Supervisor John Avalos and Board President David Chiu had offered two different motions last week: Avalos to vote today for an interim mayoral replacement and Chiu to direct the board clerk to develop a process for replacing the mayor.
At today’s meeting, Avalos–with the board possibly lacking the six votes necessary to agree on a replacement–asked instead for the board to take public comment on the selection process.
Avalos then joined with Chiu in support of Chiu’s motion, which is expected to come before the board next Tuesday.
“It is, I believe, very important that we start a transition process that is smooth and causes zero problems to the people of San Francisco,” Avalos told the board.
At issue is a high-stakes decision, after which an interim mayor could use the position as a springboard to run for mayor in November 2011. Some have called for a “caretaker” interim mayor who would pledge not to run for the office later.
The board can select anyone, including one of its own, though board members are not allowed to vote for themselves.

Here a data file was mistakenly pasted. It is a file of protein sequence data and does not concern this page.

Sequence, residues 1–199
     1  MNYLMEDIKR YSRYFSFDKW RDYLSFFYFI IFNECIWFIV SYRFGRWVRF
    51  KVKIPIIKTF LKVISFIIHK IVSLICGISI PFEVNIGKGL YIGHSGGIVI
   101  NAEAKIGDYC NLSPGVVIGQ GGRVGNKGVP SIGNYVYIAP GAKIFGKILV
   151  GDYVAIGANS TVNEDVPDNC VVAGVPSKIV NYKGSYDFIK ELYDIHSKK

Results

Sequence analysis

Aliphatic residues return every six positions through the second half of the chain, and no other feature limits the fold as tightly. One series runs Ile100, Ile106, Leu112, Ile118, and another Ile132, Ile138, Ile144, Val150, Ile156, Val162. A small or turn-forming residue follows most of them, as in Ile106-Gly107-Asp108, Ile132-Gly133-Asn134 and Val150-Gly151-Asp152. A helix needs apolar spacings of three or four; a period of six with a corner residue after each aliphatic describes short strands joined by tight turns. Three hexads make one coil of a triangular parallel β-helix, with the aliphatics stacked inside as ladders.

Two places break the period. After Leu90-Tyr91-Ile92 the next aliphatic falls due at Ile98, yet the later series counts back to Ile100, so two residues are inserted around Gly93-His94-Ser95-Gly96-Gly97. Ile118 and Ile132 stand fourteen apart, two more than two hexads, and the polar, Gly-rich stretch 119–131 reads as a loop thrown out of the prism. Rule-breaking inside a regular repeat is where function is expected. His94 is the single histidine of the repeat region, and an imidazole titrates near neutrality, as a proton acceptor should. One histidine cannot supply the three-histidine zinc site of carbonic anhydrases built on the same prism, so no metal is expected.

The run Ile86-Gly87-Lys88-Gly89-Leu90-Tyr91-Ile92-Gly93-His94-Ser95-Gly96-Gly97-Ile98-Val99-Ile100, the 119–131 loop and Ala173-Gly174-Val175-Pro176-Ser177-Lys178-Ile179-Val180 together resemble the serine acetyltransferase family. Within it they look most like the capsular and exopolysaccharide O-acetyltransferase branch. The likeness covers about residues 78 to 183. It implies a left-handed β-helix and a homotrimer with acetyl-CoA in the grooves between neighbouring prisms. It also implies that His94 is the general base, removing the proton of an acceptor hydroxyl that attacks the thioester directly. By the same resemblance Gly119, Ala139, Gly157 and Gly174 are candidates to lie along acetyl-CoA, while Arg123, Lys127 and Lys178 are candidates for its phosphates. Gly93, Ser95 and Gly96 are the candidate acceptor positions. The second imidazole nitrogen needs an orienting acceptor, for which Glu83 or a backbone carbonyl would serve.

“It’s democracy in action,” a smiling Avalos said of the complicated process in front of the board, before today’s hearing.
He stressed the need for collaboration but also for a quick decision amid the city’s budget crisis.
Newsom is expected to resign his position as mayor and take the lieutenant governor’s seat in Sacramento on Jan. 3.
Under the city charter, following that vacancy, the president of the Board of Supervisors becomes acting mayor. The board then has the option of appointing an interim mayor until the next election.
With the current board’s last meeting taking place on Jan. 4 and four new board members taking office on Jan. 8, there has been speculation as to which body might get to choose a mayoral replacement, and even whether Newsom could delay his resignation until the new board takes office.
Newsom said earlier today that he had “every intention of leaving Jan. 3” and that he was “99 percent” likely to resign on that day. He also said the new board should have a role in the decision.
Newsom’s chief spokesman, Tony Winnicker, later addressed the other “1 percent” of the timing of Newsom’s decision.
“He left the door open if it would make a significant difference in preventing the installation of a radical mayor, who could jeopardize the city’s fiscal integrity and economic recovery,” Winnicker said.
Ari Burack, Bay City News